Lawsuit for low speed rear end?
I was behind a lady exiting a parking lot at a red light. The light turned green and she started to go and I let off the break. She then stopped the car so that someone on the street could get in. I then rolled into the back of her car. I had only let off the brake and the speed was minimal, less than 10 mph.
There was no damage to my car (mazda 3) or her car (ford explorer), but we exchanged info. As she walked away, she mentioned oh my back might be hurting. I said nothing and drove off and reported it to my insurance company.
She later filed a claim with my insurance, which they denied after investigation. Six months later I received a summons to court where she is suing me for $30,000! I can't afford a lawyer, will insurance cover it? Is her claim baseless? What can I do about this? Thank you.
Information provided in our response is NOT formal legal advice. It is generic legal information based on the very limited information provided. Under no circumstances should the information in our response, or anywhere else on this site be relied upon when deciding the proper course of a legal matter. Our response does NOT create an attorney-client relationship. Always
get a formal case review
from a licensed attorney in your area.
ANSWER for "Lawsuit for low speed rear end?":
The woman’s attorney may be relying on Maryland Code Title 21-310 (a) Following too Closely. Section 21-310 reads as follows:
"The driver of a motor vehicle may not follow another vehicle more closely than is reasonable and prudent, having due regard for the speed of the other vehicle and of the traffic on and the condition of the highway."
Under Section 21-310, the court may find you were following the other driver too closely, and as a direct result of doing so, you collided with the rear of the driver’s car. While most 10 mph collisions do not result in injuries, it is always possible this one did.
You certainly acted properly by complying with the Cooperation Clause of your car insurance policy and notifying the company right after the accident. By doing so you afforded your insurance company sufficient time to investigate the accident and its underlying circumstances.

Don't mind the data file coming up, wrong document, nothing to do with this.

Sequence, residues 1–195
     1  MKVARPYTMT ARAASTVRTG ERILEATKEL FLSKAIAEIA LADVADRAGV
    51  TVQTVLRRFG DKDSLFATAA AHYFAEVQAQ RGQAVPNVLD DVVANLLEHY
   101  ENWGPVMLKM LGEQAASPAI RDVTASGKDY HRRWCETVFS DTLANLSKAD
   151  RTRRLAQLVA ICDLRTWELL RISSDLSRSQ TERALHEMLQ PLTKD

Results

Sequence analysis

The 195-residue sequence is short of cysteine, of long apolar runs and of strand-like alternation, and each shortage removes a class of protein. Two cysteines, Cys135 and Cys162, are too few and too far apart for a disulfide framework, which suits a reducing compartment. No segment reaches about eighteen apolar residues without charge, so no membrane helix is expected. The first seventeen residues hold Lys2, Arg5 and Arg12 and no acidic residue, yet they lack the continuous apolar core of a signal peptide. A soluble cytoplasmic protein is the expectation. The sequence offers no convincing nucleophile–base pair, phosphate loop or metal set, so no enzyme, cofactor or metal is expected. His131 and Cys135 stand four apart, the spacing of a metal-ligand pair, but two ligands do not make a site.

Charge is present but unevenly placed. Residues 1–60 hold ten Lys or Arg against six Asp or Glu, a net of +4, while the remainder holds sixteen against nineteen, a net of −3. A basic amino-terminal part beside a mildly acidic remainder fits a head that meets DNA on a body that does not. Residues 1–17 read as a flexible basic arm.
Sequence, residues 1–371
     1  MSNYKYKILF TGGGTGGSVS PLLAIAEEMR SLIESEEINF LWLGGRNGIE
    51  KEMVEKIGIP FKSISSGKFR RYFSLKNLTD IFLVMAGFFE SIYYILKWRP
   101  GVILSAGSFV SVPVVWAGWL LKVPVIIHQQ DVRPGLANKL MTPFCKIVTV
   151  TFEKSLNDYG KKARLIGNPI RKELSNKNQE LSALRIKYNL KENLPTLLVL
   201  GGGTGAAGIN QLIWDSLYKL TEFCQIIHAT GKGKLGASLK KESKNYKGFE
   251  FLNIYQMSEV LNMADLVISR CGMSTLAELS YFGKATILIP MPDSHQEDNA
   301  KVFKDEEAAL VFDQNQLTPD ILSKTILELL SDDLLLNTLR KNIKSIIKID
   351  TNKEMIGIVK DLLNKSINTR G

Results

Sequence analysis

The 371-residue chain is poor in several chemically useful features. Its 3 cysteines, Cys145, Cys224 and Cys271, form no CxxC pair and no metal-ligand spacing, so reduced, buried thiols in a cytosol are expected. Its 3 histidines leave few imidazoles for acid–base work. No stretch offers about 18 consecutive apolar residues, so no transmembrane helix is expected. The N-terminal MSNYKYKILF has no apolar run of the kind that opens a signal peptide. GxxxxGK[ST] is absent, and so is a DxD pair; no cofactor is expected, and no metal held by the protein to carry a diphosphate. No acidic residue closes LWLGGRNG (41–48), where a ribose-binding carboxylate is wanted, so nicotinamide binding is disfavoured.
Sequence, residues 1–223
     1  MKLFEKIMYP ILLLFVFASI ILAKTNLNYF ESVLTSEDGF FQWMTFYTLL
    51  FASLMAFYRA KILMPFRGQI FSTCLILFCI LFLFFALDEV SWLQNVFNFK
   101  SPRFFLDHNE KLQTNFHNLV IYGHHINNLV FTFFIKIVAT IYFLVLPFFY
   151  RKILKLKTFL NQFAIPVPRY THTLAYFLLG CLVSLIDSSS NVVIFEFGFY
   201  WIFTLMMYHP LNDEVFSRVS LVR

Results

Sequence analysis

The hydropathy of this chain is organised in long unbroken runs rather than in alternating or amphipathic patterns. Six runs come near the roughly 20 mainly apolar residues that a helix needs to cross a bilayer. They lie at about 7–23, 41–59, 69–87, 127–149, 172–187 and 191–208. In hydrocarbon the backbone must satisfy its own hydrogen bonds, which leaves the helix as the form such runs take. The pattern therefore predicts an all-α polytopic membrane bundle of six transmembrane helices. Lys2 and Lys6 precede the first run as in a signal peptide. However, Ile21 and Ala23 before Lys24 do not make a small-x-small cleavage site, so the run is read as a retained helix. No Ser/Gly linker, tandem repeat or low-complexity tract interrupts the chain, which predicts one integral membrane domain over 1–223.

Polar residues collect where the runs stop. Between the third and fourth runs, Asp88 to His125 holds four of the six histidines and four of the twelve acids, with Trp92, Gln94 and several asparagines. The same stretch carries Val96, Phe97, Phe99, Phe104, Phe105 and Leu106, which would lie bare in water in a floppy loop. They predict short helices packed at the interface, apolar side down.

Fortunately, your insurance company now has the information they need to protect you in the lawsuit. Under the terms of your policy, you insurance company is legally obligated to defend you in the lawsuit by proving an attorney to represent you at no cost. Regardless of how the case works out, you will be covered up to the limits of your insurance policy.
Your have nothing to worry about. Just make sure you call the claims adjuster who handled the original claim against you. You likely have the claim number around. You will need it when calling the company.
If your insurance company believes the other driver may have a slight chance of prevailing, your insurance company may offer the driver a nuisance settlement. A nuisance settlement is sometimes paid by an insurance company when they determine the cost of defending the lawsuit outweighs a small payout to "make the claim go away."
Unfortunately, you have no control over whether your insurance company decides to continue to fight the claim or ends it by paying the driver a nuisance settlement. In any event, there is a good chance if the matter continues, the driver will not prevail in court.
At this point, when the matter is concluded your insurance company may decide to do the following:
- Raise your premiums
- Cancel your policy
- Decline to renew
- Do nothing and let you policy continue with the same premiums
If you haven't had any car accidents in a while, it is likely nothing will change, and this matter won't adversely affect your policy or its premiums.
The above is general information. Laws change frequently, and across jurisdictions. You should get a personalized case evaluation from an attorney licensed in your state. Find a local attorney to give you a free case review here, or call (888) 647-2490.
Best of luck,
P.S. Please help us out by sharing this site...